Happy Happy 

Will reading about happiness just make you sad?

"Nothing is ever final, you only need a bit of happiness to start all over again." So wrote ƒmile Zola, that student of human suffering, moments before the young heroine of Germinal succumbed to a life of slavery, starvation, and finally, suffocation in a coal mine.

Zola had it in for capitalism, and Germinal's lesson is that happiness is impossible in a system that has made us all animals. He was probably right. Though most of us are having a lot less sex in fields than did 19th-century French miners, they didn't have the Internet. The futile striving is the same, and with the smallest break we're off our backs and looking for rainbows. When we find one, we squeeze it until it vanishes in our hands.

In modern psychology, this is known as adaptation, or the pleasure of progress principle, which explains why megamillions lottery winners stop celebrating after a few months, quadriplegics at least claim to lead fulfilling lives, and 19th-century miners came out of the fields to strike for a few pieces of bread.

"Of course, it's better to win the lottery than to break your neck, but not by as much as you'd think," writes Jonathan Haidt in The Happiness Hypothesis (Basic, $26). "Because whatever happens, you're likely to adapt to it, but you don't realize up front that you will." As any pessimistic German philosopher will tell you, the great crime of the Enlightenment was to snip our sense of purpose from its religious roots and convince us that happiness is attainable in this world, so why wait for the next one. The evil of capitalism, goes the argument, was to wed purpose to work, not in the Calvinistic sense of labor for its own sake, but in the mythology of what we now call the American Dream. Give a man $10 an hour and he has something to look forward to: $11 an hour. Give him $10 million and before long he's restless and wasting it, bummed that it wasn't $11 million. People who have won the lottery actually continue to play the lottery.

The human ability to roll with the punches and inability to enjoy any success, no matter how great, for any extended time is all the rage in bookstores these days. With titles like How to Be Happy in a Time of War, they aim to explain how we understand happiness. And they all do, but only indirectly. From their different approaches, the academics and clinicians, popular historians and self-help shysters all cling to happiness as a state of being. But they all prove that in our culture, happiness is a simple commodity, consumed and passed, and missed before we're even finished with it.

These books want to know if we're happy, how we learned to judge whether we are, why we're not if we're not, and they aim to lend insight into how we can be. But at this point their questions are preposterous, because as everyone knows, if you try to participate in the world, happiness collapses in the face of introspection.

The pleasure of progress principle allows us to recover from fantastic tragedy, but it's also why we rate ourselves by our economic potency and believe greater happiness is just a promotion and a raise away. As Darrin M. McMahon points out in his lively Happiness: A History (Atlantic Monthly, $27.50), we are far removed from the religious origins of our ideas of happiness. The Enlightenment taught that lasting happiness is attainable in this life, but confirmed that it is always just out of reach. When delusions of heaven gave way to an earthly sense of purpose and that purpose was corrupted in the economy, we were doomed to misery. Someone always has more. Each of us always has a reason to say "if only."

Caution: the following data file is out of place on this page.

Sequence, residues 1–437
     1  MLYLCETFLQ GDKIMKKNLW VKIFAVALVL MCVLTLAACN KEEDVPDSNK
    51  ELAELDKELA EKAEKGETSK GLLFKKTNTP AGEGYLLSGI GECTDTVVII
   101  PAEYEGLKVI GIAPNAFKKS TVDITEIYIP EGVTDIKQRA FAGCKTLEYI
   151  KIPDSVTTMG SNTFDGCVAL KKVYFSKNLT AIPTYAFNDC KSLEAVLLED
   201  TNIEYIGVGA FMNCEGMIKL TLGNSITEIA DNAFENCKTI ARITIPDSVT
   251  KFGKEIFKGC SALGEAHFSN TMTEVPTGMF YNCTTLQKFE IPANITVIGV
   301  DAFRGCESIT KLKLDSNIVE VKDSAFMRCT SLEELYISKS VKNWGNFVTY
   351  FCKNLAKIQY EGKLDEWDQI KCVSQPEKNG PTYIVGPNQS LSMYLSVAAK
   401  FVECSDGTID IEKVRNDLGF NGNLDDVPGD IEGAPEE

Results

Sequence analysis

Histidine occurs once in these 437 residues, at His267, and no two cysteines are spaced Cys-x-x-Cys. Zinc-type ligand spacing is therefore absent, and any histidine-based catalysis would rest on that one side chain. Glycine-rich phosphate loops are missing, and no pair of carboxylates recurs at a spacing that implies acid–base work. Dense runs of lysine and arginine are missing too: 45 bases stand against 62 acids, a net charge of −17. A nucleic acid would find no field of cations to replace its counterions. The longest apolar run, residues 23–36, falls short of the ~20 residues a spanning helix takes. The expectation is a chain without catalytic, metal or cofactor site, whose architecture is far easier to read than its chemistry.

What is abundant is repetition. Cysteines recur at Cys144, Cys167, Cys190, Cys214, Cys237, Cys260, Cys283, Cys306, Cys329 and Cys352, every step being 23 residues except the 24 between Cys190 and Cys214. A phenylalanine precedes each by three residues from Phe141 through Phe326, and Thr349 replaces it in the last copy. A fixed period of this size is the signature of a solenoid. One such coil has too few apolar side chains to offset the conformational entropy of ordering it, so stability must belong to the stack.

That leaves us two choices if we want to be happy. The first is to become a Buddhist. They're happy, if only because they choose to not know any better. Haidt, however, suggests that Buddhism is based on an overreaction, Siddhartha's assumption that the peasants living in squalor were miserable. Hence, life is suffering. Haidt believes we don't have to disassociate ourselves from the world to feel happy; we just need to find the in-between.

The easy answer is provided by Martin E. P. Seligman, who argues in Learned Optimism (Vintage, $14) that we can live squarely under The Man's thumb, stretched on the racks of The Machine, and still feel happy for more than a few minutes or months at a time, as long as we buy his books. Seligman advises that we should lie to ourselves, which is like Buddhism, only more complicated and we still get to eat meat if we want. He says that cancer is nothing more than a bad attitude and the reason the Mets won more games than the Cardinals in 1986 was that they were more optimistic in 1985, as evidenced by their comments to the New York Post. Oh, what passes for science in the self-help arena! (Though, to be fair, Seligman would not be optimistic about your chances of skydiving without a parachute, and advises that you shouldn't be, either.)

But he's smart enough to exploit the self-help philosophy that contaminated our culture: Ignore what you don't like about the world or yourself or your lover and everything will be just fine. And that's exactly what we do. We are the greatest fabulists the world has ever known, spinning elaborate fictions to convince ourselves that whatever it is we do has purpose, even if what we do is sell real estate or perform liposuction on TV. The notion that getting up every morning and going to a job you hate for a negligible cut of the riches you generate has become so entrenched as the healthy norm that people who rebel against it are considered eccentric at best — more often, mentally ill. In any case, they're advised to take medication and hectored into seeing themselves as the problem. For what's the point of wanting change when you can wake up one morning and decide it isn't necessary?

In other words, don't worry. Be happy.

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